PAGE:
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United States Court of Appeals, Ninth Circuit.

Willian MATIAS RAUDA, Petitioner, v. Robert M. WILKINSON, Acting Attorney General, Respondent.

No. 19-72868

Decided: January 28, 2021

Before: BEA and M. SMITH, Circuit Judges, and RESTANI,* Judge. Francisco Miguel Ugarte, Attorney, San Francisco Public Defender's Office, San Francisco, CA, for Petitioner Anna E. Juarez, DOJ - U.S. Department of Justice, Civil Division/Office of Immigration Litigation, Washington, DC, for Respondent


Willian Matias Rauda, a native and citizen of El Salvador, petitions for review of the Board of Immigration Appeals’ (“BIA”) final order of removal, which adopted and affirmed the Immigration Judge's (“IJ”) denial of a motion to suppress, denial of a motion for issuance of a subpoena, and denial of eligibility for relief under the Convention Against Torture (“CAT”). We have jurisdiction under 8 U.S.C. § 1252(a)(1). For the following reasons, we deny the petition.

Matias Rauda entered the United States without authorization in 2014 and settled initially in San Francisco. Soon after relocating to Maryland, Matias Rauda was arrested by local police in connection with a gang-related shooting. Matias Rauda pleaded guilty to a first-degree assault charge and received a suspended sentence of twenty years imprisonment. Local officials refused to honor an immigration detainer filed by Immigration and Customs Enforcement (“ICE”) and released Matias Rauda in 2017. Thereafter, Matias Rauda moved into a residence near San Francisco with his now-wife, the couples’ infant child, and several other individuals.

ICE subsequently located Matias Rauda and dispatched officers to the residence to execute an outstanding immigration warrant. ICE officers entered the residence with the consent of a co-occupant, located Matias Rauda in a bedroom shared with his now-wife and two infant children, and placed him under arrest. While in custody, Matias Rauda admitted to his Salvadoran alienage and to his unlawful entry into the United States. ICE officials recorded the factual narrative of Matias Rauda's arrest and post-arrest statements in an agency form known as the Record of Deportable/Inadmissible Alien (“Form I-213”).

During removal proceedings, Matias Rauda moved to suppress the Form I-213 on the ground that ICE officers violated the law by invading the residence without a judicial warrant and by using excessive force to execute the arrest. Matias Rauda also moved to subpoena a panoply of documents and live testimony pertaining to his arrest and ICE's operational policies. The IJ denied both motions without a suppression hearing because the affidavits Matias Rauda submitted in support of the motions failed to establish a prima facie case for relief. The IJ ultimately sustained the charge of removability based on Matias Rauda's post-arrest admissions recorded in the Form I-213.

Matias Rauda then moved for deferral of removal under the CAT based on prior torture experienced as a teenager at the hands of the Mara Salvatrucha gang (“MS-13”) and Salvadoran police and military officials and the risk of future torture by both groups upon his return to El Salvador. Despite crediting Matias Rauda's account of prior torture, the IJ found Matias Rauda failed to establish a likelihood of future torture by or with the acquiescence of the Salvadoran government. The BIA adopted the decisions of the IJ with additional reasoning and dismissed the appeal. See Matter of Burbano, 20 I. & N. Dec. 872 (1994). Matias Rauda timely petitioned for review.

Where, as here, the BIA adopts the IJ's decision, cites Matter of Burbano, and contributes its own reasoning, our scope of review includes both decisions. Cordoba v. Barr, 962 F.3d 479, 481 (9th Cir. 2020). We review the denial of a motion to suppress in an immigration proceeding de novo, Martinez-Medina v. Holder, 673 F.3d 1029, 1033 (9th Cir. 2011), and the refusal to issue a subpoena for an abuse of discretion, Kaur v. INS, 237 F.3d 1098, 1099 (9th Cir. 2001). We review issues of law related to the denial of CAT relief de novo and factual findings supporting the denial for substantial evidence. Arteaga v. Mukasey, 511 F.3d 940, 944 (9th Cir. 2007). Under the substantial evidence standard, we must affirm the factual findings of the BIA and the IJ “unless the evidence in the record compels a contrary conclusion.” Id.; see 8 U.S.C. § 1252(b)(4)(B).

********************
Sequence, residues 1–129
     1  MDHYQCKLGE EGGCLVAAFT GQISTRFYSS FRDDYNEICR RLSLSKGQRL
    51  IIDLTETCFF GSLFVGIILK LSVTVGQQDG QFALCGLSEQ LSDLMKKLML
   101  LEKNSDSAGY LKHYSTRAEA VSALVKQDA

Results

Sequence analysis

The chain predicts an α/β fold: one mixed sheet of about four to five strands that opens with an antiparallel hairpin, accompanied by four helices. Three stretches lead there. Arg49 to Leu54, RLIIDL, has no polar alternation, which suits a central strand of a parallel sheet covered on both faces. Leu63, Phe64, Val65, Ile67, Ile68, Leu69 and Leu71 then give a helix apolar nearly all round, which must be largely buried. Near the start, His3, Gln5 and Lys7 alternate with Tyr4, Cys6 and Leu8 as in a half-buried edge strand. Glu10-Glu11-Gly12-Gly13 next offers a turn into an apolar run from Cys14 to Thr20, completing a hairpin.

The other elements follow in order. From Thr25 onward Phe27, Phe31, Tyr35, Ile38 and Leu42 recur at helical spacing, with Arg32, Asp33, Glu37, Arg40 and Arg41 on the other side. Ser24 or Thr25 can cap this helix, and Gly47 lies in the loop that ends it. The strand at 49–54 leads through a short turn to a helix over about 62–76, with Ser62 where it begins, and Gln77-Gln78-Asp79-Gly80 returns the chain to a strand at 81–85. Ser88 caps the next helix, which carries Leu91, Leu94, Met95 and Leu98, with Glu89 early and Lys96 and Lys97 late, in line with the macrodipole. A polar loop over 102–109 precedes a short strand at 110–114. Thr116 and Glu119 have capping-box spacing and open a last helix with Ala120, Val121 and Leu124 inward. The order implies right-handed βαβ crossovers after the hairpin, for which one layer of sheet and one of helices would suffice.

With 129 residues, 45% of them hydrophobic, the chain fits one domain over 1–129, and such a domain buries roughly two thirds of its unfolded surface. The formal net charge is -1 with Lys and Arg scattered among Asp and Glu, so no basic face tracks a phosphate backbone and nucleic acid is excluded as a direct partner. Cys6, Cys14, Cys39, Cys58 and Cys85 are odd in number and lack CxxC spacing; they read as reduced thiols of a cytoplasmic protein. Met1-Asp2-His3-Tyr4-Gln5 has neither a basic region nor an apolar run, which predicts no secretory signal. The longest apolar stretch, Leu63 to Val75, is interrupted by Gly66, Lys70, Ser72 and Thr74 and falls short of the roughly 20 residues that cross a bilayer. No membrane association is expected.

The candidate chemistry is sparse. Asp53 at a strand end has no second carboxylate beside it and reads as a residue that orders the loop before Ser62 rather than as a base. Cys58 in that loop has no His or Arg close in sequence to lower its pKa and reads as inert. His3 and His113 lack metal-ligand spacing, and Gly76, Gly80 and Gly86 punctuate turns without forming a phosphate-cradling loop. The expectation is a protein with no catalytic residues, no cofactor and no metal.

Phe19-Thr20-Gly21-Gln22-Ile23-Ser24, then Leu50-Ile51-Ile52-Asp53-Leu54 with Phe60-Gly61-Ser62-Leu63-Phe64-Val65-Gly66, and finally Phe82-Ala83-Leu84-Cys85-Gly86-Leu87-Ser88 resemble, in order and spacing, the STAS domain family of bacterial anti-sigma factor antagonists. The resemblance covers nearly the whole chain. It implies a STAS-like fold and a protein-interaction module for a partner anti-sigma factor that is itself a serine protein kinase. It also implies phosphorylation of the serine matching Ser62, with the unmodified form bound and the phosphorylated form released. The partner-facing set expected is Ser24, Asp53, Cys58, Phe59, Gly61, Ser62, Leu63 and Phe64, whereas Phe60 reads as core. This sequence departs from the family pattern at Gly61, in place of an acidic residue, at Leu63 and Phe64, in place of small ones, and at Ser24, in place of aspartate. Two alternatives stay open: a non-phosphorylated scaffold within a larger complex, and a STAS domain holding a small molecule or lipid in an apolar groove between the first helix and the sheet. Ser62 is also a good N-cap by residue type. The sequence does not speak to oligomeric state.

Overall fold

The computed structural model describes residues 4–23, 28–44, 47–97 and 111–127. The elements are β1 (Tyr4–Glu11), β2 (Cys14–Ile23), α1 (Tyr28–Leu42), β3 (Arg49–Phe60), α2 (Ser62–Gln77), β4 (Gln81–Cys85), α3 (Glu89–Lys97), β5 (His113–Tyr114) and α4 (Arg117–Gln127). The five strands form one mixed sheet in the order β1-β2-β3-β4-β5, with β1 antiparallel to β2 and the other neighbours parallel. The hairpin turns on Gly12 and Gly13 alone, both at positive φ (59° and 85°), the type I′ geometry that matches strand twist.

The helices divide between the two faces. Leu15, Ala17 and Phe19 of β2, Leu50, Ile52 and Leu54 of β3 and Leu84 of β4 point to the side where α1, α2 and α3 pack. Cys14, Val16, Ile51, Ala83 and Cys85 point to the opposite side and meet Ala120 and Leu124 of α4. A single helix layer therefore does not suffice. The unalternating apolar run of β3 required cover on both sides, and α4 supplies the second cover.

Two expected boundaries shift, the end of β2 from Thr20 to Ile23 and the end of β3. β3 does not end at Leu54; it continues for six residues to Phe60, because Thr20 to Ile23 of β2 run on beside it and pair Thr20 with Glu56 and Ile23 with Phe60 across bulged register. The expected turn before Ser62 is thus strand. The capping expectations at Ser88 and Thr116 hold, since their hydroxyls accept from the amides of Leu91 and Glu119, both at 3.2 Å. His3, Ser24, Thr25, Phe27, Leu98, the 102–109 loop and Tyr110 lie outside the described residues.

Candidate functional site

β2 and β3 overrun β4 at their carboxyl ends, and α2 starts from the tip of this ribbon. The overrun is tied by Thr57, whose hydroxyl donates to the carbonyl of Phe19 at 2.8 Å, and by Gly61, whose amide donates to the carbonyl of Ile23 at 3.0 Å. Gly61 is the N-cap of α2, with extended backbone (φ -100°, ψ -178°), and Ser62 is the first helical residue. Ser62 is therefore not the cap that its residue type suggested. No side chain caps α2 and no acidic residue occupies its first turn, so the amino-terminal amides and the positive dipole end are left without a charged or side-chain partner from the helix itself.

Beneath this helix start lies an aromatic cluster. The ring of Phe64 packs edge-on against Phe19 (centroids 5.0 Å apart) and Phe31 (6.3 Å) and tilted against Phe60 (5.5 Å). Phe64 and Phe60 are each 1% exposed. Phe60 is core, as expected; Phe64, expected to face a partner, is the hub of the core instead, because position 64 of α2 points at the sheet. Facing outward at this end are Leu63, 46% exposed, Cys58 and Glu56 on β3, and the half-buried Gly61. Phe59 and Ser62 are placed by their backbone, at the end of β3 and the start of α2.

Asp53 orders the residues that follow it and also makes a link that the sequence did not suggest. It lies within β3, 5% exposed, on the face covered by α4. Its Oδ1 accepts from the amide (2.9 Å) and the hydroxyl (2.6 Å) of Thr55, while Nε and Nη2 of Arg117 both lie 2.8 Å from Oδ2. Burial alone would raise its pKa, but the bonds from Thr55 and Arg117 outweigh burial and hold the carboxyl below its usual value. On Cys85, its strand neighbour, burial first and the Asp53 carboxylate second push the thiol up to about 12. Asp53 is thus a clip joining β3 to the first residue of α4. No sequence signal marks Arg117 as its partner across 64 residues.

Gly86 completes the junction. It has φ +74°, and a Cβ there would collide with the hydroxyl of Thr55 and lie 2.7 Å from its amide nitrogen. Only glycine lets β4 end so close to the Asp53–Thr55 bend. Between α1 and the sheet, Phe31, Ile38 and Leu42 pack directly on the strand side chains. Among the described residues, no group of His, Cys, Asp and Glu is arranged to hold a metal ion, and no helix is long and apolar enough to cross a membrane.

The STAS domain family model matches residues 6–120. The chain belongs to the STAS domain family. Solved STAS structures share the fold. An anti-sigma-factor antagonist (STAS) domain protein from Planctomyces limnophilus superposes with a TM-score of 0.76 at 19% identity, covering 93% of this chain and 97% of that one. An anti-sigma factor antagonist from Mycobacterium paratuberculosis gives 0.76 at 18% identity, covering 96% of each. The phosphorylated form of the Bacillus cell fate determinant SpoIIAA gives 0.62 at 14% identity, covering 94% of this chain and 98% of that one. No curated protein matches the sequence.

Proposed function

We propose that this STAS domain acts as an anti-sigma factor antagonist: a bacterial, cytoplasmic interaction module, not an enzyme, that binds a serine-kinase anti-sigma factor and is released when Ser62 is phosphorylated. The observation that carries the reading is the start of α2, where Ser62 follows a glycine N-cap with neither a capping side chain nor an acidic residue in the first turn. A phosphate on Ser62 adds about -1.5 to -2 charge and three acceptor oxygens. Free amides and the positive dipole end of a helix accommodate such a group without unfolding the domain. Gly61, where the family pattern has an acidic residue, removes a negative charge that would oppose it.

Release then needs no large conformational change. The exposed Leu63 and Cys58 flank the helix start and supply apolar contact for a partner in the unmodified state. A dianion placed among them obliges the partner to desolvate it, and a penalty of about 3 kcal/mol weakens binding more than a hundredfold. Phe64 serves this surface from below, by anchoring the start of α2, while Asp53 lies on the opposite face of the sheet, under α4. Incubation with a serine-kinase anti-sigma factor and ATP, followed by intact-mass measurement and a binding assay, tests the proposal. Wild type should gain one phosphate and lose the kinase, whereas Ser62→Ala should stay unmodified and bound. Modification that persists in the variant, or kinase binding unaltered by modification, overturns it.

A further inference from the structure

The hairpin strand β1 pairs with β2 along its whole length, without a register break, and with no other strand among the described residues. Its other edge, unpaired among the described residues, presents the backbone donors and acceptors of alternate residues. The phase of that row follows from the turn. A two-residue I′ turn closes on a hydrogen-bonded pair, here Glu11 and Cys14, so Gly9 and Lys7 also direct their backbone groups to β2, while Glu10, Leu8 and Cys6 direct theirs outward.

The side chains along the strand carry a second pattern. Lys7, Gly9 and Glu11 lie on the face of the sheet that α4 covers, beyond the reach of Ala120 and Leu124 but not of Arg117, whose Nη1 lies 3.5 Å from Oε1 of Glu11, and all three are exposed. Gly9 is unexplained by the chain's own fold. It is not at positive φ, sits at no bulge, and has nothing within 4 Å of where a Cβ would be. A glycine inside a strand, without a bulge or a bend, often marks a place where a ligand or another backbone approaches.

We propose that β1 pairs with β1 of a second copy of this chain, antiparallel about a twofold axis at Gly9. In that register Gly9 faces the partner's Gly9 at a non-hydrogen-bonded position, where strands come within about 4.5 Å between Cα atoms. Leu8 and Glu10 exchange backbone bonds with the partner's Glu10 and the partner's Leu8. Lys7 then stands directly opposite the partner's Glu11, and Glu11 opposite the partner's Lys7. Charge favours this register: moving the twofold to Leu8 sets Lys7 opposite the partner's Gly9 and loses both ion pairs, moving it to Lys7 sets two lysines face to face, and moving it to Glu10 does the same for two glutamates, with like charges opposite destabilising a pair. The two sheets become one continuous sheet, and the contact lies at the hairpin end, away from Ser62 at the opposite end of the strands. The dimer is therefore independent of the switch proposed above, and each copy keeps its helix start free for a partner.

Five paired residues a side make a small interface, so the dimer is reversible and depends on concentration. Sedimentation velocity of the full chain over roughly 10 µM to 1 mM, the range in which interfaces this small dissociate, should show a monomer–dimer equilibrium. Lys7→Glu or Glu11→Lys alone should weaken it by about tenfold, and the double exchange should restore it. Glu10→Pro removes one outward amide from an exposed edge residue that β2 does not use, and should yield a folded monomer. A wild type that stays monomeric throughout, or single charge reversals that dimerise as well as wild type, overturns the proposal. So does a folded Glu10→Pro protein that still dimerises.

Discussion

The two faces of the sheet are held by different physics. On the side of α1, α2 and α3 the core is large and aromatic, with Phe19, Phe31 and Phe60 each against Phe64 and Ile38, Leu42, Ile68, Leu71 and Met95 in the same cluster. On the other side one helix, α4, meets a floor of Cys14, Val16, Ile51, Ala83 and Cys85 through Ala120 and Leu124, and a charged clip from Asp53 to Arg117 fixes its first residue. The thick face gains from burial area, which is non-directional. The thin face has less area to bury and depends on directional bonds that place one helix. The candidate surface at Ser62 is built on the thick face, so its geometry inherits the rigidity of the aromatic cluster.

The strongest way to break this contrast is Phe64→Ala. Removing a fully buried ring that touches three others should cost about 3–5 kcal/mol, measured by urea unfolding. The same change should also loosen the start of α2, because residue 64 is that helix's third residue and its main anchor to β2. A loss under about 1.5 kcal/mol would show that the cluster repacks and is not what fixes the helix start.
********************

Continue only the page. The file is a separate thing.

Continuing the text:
1. The BIA and the IJ did not err in denying Matias Rauda's motion to suppress without an additional hearing. Because the exclusionary rule is generally inapplicable to immigration proceedings, a petitioner must show an “egregious violation” of his Fourth Amendment rights or a violation of federal regulations promulgated for his benefit to obtain a suppression remedy. See INS v. Lopez-Mendoza, 468 U.S. 1032, 1041–50, 104 S.Ct. 3479, 82 L.Ed.2d 778 (1984); Perez Cruz v. Barr, 926 F.3d 1128, 1137 (9th Cir. 2019). Longstanding agency regulations require an alien to allege a prima facie case for suppression through sworn declarations before the IJ may require the Government to produce additional discovery and defend its actions at a suppression hearing. See Matter of Barcenas, 19 I. & N. Dec. 609 (1988).

Matias Rauda's first suppression claim is that ICE officers acted unlawfully by knocking on the front door of his residence for the purpose of effectuating an arrest without a judicial warrant. See Florida v. Jardines, 569 U.S. 1, 6, 133 S.Ct. 1409, 185 L.Ed.2d 495 (2013); 8 C.F.R. § 287.8(f)(2). Here, however, the ICE officers were privileged to approach the residence to execute an immigration warrant that authorized Matias Rauda's arrest in public areas or in private areas with the consent of a co-occupant. See 8 U.S.C. § 1226(a); 8 C.F.R. § 236.1(b). We decline Matias Rauda's invitation to extend our holding in United States v. Lundin, 817 F.3d 1151, 1160 (9th Cir. 2016), which held that police officers violated the Fourth Amendment by approaching a home to effectuate a warrantless arrest based on probable cause that the occupant had committed several felonies. The immigration warrant licensed the officers to solicit consent to entry for the limited purpose of enforcing the civil immigration laws, a context that implicates distinct constitutional interests from those involved in a criminal case. See Lopez-Mendoza, 468 U.S. at 1042, 104 S.Ct. 3479.